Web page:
The longtime foster family of a 6-year-old part-Native American girl who was taken from their home because of her heritage filed an appeal Tuesday with the California court in an effort to get her back.
Rusty and Summer Page have been fighting for years to gain custody of Lexi, who they have fostered for four years.
But Lexi is 1/64th Choctaw Native American, and after a long legal back-and-forth Children's Court of L.A. County ruled Friday that she would be placed with relatives in Utah in accordance with the Indian Child Welfare Act of 1978.
The law, according to its own language, seeks to keep children of Native American heritage with Native American tribes and their members.
According to public court records, the Page family filed a request with the California's Second District Court of Appeals Friday to reverse the decision to have her taken from their home shortly after officials with the Los Angeles County Department of Children and Family Services (LA DCFS) picked her up Monday — while dozens of supporters of the family protested in the street and Summer Page screamed "I love you, Lexi" from the driveway.
The Page's lawyer, Lori Alvino McGill, told The Associated Press that the filing asked that the California Supreme Court hear an appeal of the decision and have Lexi returned to the family's home in the meantime.
The Choctaw Nation filed an opposition to the Page's request on Tuesday, according to court records.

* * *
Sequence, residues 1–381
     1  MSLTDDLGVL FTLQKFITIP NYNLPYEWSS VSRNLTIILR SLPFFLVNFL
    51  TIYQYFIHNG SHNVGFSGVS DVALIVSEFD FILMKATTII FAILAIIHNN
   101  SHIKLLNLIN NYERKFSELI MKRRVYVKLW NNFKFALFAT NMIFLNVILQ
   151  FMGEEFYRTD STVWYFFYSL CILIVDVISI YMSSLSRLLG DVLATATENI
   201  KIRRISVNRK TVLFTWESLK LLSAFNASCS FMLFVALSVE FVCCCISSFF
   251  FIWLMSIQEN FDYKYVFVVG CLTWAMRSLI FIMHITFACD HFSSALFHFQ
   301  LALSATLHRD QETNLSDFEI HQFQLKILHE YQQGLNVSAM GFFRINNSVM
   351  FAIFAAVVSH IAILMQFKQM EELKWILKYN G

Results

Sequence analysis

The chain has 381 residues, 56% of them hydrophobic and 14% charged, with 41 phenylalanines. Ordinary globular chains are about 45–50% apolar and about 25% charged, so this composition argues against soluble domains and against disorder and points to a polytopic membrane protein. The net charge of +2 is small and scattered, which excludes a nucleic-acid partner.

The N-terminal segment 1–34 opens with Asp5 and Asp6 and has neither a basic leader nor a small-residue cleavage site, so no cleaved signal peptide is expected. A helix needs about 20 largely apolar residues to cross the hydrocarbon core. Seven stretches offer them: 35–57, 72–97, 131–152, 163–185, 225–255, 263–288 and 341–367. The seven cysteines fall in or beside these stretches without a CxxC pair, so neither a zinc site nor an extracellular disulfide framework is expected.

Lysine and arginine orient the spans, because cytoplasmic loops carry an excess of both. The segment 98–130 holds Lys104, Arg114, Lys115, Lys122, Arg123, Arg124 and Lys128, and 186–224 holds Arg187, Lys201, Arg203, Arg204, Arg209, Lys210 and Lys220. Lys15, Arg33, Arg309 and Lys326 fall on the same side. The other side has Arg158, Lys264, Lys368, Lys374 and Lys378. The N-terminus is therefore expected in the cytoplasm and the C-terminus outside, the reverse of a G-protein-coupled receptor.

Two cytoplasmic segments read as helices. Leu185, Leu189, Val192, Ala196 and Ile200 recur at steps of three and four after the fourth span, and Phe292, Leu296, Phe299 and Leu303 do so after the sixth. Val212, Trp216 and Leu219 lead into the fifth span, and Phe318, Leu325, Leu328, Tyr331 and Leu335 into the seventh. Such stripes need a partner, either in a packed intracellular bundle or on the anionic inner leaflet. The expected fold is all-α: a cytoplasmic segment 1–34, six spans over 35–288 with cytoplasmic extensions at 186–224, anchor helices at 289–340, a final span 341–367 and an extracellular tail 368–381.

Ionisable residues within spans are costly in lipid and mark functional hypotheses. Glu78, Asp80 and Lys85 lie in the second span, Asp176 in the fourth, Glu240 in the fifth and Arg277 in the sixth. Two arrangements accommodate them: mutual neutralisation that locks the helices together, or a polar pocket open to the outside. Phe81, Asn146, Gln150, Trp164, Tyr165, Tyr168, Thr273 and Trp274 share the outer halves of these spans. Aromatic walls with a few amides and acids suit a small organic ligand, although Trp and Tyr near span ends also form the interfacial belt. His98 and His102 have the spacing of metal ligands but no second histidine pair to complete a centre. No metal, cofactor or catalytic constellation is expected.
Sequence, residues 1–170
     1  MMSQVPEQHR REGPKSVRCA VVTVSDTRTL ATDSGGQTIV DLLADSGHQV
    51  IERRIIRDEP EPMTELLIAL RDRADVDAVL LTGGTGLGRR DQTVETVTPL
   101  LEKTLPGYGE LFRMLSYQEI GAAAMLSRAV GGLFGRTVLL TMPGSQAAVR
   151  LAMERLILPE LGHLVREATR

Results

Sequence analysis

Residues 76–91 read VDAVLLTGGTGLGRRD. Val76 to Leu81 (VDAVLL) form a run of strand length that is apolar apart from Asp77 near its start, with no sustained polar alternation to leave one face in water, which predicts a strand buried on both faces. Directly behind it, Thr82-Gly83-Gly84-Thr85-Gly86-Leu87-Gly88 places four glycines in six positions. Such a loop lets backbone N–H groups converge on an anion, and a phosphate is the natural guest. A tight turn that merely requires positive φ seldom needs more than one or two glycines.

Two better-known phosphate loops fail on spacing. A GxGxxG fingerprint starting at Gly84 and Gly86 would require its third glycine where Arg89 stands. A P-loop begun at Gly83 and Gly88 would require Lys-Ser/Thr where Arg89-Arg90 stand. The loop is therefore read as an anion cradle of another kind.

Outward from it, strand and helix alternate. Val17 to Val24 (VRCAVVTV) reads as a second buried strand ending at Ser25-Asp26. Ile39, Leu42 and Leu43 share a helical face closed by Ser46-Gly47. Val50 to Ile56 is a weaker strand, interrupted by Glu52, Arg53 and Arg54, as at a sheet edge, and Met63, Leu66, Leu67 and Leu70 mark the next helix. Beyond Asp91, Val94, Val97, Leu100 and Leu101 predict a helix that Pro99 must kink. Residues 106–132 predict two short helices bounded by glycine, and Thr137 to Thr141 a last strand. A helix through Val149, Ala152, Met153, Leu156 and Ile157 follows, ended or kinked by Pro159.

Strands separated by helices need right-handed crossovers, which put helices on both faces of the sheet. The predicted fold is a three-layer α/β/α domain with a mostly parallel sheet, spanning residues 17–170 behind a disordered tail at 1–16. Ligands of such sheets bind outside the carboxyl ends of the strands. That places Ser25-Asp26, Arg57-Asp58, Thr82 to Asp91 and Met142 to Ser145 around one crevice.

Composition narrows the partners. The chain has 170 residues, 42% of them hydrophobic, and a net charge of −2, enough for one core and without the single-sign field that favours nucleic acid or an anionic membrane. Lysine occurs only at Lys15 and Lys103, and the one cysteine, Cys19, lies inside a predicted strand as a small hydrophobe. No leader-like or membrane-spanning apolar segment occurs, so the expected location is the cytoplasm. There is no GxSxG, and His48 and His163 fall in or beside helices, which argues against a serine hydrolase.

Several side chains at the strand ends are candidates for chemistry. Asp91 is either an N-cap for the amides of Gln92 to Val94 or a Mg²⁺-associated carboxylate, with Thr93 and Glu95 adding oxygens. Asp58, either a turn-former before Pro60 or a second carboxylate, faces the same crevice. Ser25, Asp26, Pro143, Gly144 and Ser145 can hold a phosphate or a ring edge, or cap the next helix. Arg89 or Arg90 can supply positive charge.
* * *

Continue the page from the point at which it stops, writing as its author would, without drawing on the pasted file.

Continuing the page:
"We appreciate the concern for Lexi and want to assure everyone she is in a safe, loving home with her relatives and her biological sisters," the Choctaw Nation said in a statement Tuesday. "We, as a tribe, are required to follow federal law. The foster family filed appeals three times to keep Lexi, delaying the reuniting of Lexi with her relatives."
"The Pages were aware since 2011 that their foster daughter had loving relatives wanting to welcome her into their home and reunite her with her siblings, one of whom she will now live with," the National Indian Child Welfare Association said in a statement Tuesday. "Now she is with family."
The Pages counter that they are Lexi's family.
"This is not a fight against the Native American community, or the Choctaw Community, or Lexi's extended family, biological or otherwise," the Pages said in a statement Tuesday. "This is about justice for a 6 year old child who, against her wishes, was heartlessly ripped from her dad's arms by people paid by our tax dollars."
The family that Lexi is set to be placed with is related to her through her step-grandfather, according to court documents. They are not Native American, the documents said. Her birth parents struggled with substance abuse, and her father had a criminal record, according to the documents, which said she was in two foster homes before being placed with the Pages in 2011.
A online petition called "Keep Lexi Home" addressed to several California and LA DCFS officials had garnered nearly 78,000 signatures by Tuesday night, and a GoFundMe page had raised more than $25,000 for the family.
The family also held a demonstration Tuesday night at the U.S. Courthouse in Los Angeles in an effort to get the attention of Sen Barbara Boxer.
"Our family is so incredibly devastated," the Rusty Page said in a video statement Monday night shortly after Lexi was picked up. "But nobody could possibly be more devastated than our 6-year-old daughter who found herself restrained in a car and driven away to go and live in a foreign place hundreds of miles from her family, friends, teachers, home and life."
The LA DCFS said in a statement Monday night that their priorities are to act in the best interest of children and adhere to decisions by the court.